On The Road With The USGA - March 2008 February 27, 2015

On The Road With The USGA - March 2008

By R.A. (Bob) Brame, Director
March 2, 2008

Recent winter weather patterns throughout the lower portion of the North Central Region have been true to the season. Nonetheless, we've reached the point where golfers are beginning to think about a new season.

While the enthusiasm is a good thing, several weeks of inconsistency lie ahead. The cold nights and warming days often will yield a zone at the top of the soil that thaws during the day and then refreezes at night. Traffic on golf turf, and especially putting surfaces, during these late winter/early spring freeze-thaw cycles can result in turf damage. Roots held tightly in the lower zone remain frozen, and yet they are subject to movement or shifting near the soil surface relative to equipment and foot traffic. The resulting damage can slow the process of bringing the course to its full potential. A good, easy-to-apply, rule of thumb on greens, is tied to changing holes. Specifically, if a hole cannot be readily changed due to underlying frozen soil traffic should not be allowed. Exercise a little patience now and it will pay dividends as the new season unfolds.

Even after a complete thaw of the root zone that allows holes to be changed, soil temperatures will hold back active growth. Soil temperature directly impacts grass growth and the plant's ability to handle traffic. Trying to push growth with fertilizer applications when the soil temperature is low and growth has not yet resumed will not speed the turf's ability to handle traffic. In fact, when soil temperatures do increase, the potential growth surge from fertilizer applications that are made too early can compromise rooting and open the door to agronomic and playability concerns. Remember, weather conditions will have the final say when play can be safely allowed and when agronomic practices can be expanded.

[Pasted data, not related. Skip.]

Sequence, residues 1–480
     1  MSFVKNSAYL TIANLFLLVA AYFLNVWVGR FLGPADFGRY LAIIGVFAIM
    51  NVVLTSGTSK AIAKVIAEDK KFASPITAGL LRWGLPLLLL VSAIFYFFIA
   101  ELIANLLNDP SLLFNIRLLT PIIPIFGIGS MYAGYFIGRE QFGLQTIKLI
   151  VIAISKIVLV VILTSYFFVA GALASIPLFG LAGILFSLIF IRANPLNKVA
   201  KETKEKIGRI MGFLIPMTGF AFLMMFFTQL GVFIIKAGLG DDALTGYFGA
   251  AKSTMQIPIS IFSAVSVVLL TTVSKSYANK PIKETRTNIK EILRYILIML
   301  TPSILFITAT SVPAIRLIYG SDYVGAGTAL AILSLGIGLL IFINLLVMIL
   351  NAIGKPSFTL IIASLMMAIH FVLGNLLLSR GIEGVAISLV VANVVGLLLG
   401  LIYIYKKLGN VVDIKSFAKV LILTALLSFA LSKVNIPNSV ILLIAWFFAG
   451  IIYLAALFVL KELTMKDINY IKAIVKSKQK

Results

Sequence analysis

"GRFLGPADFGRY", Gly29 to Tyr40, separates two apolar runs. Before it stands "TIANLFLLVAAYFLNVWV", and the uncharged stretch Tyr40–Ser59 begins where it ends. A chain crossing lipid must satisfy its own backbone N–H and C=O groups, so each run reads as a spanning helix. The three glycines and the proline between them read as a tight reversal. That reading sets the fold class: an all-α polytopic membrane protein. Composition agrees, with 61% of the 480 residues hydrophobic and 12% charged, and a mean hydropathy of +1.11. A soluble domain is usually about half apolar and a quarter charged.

While every course is unique, weather variations, agronomics, economics, and politics are a reality for everyone. An agronomically sound maintenance program serves to guard quality and playability during harsh weather, which then helps support economics in the form of needed revenue. It's when politics fails to consider what is realistic within the existing maintenance package relative to the operating budget and weather conditions that a flawed direction is charted.

A big part of what the USGA Green Section does is a candid review of how agronomics, economics, and politics impact the golf course maintenance operations. As such, the value of subscribing to our Turf Advisory Service is elevated during tougher economic times. All of the courses in our database should have received a mailing about subscribing to a Turf Advisory Service visit this season. If your course did not receive such a mailing let us know.

Recognize that the golf course is the primary asset at most facilities, and there is simply too much at stake for anything less than a comprehensive audit of your operation by an unbiased Green Section agronomist.

Patience is the operative word over the next few weeks as weather conditions ebb and flow. Should specific questions arise that we can assist with don't hesitate to call or email. We're always available and looking forward to working with you.

Source: Bob Brame, or 859.356.3272